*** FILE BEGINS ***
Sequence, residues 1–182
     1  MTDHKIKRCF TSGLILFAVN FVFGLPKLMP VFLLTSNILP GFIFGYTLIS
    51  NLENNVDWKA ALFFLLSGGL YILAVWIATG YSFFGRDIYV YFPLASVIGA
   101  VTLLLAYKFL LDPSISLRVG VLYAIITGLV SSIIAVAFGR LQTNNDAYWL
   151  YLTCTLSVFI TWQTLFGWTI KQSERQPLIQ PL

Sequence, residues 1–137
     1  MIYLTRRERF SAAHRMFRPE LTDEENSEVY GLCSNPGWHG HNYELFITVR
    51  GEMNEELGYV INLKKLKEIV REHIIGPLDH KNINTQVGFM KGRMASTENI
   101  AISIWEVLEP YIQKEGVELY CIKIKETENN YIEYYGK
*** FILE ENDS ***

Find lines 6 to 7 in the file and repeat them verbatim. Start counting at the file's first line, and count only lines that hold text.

Sequence, residues 1–137
     1  MIYLTRRERF SAAHRMFRPE LTDEENSEVY GLCSNPGWHG HNYELFITVR